Brexit Effects: A lengthy list!

A lengthy list of the side-effects of Brexit (mostly economic):

  • Overnight, the pound plummeted to its lowest levels since 1985 – falling by nearly 10%.
  • The stock markets were also affected, as the FTSE 100 index fell by 8% before recovering to a 3.15% drop. The FTSE 250 fared worse, falling by 8% by the following afternoon.
  • The construction sector was hit, with shares in Bovis Homes falling by 20%.
  • Prime Minister David Cameron announced that he will be stepping down as soon as a replacement is found.

  • The SNP began to call for a second independence referendum for Scotland, as the country had overwhelmingly voted to remain within in the EU.
  • Senior scientists reacted in dismay, as the referendum result threatened the £1 Billion funding that the European Union gives them for research.
  • The bidding process for Tata Steel’s British operations was threatened, as it became clear that several bidders were close to abandoning talks with the owner.
  • Share trading for Barclays bank and RBS were suspended, as Barclays dropped by 10.3% and RBS dropped by 15%.
  • Credit ratings agency Moody’s announced that the United Kingdom’s credit rating outlook had been cut to “negative”. The agency stated that the Brexit referendum result had created “a prolonged period of uncertainty.”
  • EU leaders poured cold water on the idea that the UK could close its borders to “free movement” while also retaining access to the single market.
  • Fishermen that campaigned to leave the EU are told that fishing quotas “may not even grow after Britain’s withdrawal from the EU.”
  • Labour MPs submit vote of no confidence in leader Jeremy Corbyn.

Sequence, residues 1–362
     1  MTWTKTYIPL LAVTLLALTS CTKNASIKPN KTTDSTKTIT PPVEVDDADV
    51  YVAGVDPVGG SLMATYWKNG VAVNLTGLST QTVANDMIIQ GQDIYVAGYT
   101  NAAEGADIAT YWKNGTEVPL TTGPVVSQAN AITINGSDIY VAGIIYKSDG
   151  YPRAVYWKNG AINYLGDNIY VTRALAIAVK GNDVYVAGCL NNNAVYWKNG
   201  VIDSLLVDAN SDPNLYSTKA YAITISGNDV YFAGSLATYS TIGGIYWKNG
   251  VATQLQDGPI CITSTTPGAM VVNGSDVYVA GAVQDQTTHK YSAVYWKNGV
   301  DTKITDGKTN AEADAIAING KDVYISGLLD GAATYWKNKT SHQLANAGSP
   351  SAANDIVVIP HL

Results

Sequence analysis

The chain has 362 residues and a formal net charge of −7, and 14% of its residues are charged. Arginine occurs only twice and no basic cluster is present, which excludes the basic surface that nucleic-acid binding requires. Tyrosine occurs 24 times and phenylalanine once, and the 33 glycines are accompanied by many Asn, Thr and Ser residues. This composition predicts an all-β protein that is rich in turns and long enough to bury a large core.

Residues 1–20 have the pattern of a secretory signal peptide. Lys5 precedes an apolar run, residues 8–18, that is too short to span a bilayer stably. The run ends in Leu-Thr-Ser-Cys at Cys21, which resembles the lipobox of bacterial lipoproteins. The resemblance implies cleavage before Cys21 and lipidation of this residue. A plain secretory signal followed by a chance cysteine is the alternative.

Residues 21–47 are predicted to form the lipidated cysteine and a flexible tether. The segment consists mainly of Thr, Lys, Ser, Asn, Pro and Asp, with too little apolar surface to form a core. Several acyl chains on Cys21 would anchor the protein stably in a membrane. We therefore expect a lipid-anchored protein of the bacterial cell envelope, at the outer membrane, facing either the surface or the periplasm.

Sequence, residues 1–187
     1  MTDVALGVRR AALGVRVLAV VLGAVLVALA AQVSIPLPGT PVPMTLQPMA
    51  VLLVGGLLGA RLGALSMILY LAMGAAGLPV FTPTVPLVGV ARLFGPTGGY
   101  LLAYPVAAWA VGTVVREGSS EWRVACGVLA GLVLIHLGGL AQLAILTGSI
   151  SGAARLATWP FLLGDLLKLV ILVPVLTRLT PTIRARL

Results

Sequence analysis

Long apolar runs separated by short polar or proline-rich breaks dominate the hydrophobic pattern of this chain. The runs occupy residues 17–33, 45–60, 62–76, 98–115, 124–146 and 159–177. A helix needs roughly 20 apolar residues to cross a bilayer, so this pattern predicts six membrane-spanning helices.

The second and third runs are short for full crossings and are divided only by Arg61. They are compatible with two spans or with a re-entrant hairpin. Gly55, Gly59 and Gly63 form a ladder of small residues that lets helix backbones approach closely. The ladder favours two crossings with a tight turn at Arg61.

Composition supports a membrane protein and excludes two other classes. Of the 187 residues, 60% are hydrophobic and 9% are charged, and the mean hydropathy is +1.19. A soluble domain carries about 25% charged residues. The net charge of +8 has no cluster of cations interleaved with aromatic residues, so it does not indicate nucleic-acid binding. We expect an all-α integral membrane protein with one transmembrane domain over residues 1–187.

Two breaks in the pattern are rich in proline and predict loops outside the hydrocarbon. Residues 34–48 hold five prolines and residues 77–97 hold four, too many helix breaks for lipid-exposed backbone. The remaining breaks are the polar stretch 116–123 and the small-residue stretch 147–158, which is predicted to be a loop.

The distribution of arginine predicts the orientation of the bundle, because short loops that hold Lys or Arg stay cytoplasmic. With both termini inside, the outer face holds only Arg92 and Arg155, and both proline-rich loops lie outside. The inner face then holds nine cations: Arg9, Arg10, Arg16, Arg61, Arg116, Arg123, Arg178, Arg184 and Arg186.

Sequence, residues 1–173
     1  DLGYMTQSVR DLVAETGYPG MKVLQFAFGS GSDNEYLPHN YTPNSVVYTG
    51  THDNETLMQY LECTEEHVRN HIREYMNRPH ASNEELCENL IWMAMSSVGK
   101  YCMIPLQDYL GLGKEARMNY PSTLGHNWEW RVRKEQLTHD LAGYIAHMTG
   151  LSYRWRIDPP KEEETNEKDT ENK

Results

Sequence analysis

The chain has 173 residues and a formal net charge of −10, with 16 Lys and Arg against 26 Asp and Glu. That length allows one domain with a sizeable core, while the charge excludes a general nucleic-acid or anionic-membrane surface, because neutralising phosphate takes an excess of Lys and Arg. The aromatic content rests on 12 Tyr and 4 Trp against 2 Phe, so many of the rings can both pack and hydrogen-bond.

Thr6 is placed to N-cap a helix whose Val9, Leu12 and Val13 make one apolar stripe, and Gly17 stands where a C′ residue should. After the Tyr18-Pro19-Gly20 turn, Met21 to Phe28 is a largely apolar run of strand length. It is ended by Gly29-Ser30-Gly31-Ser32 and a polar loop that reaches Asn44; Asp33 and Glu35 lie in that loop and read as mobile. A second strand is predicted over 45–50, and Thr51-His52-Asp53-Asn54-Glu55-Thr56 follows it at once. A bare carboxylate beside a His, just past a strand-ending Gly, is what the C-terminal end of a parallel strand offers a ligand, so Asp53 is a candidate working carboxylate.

• Despite voting to leave, Cornwall sought assurances that the £60 million funding (avg) it received from the EU will be not be threatened.
  • Prime Minister David Cameron warns that Britain cannot guarantee that Wales will continue to receive the same level of funding that it did from the European Union. Wales as a whole had voted to leave the EU.

  • The Independent reports that the construction sector is heading for a “brick wall” as a number of infrastructure investments had been suspended in light of the result.
  • It is reported that the Brexit result caused a worldwide loss of nearly $2 trillion dollars.
  • Sterling continued to falter, as the pound dropped to a 31-year low.
  • Property funds halt trading as the Bank of England warned that risks to the financial system had started to “crystallise”.
  • The boss of Lush Fresh Handmade Cosmetics tells members of the press that his company will move production of goods from Poole to Germany in the wake of the EU referendum.
  • A number of UK scientists are dropped from EU projects because of fears over post-Brexit funding.
  • It is reported that Greater Manchester is set to lose out on £320 million in EU funding.
  • Fashion brand Burberry announce that they have put their new Leeds factory “on pause”.
  • There is a large rise in the number of British people applying for passports in other EU countries.
  • Uncertainty about the future and the fall in Sterling results in the Lowcost Travelgroup going into administration.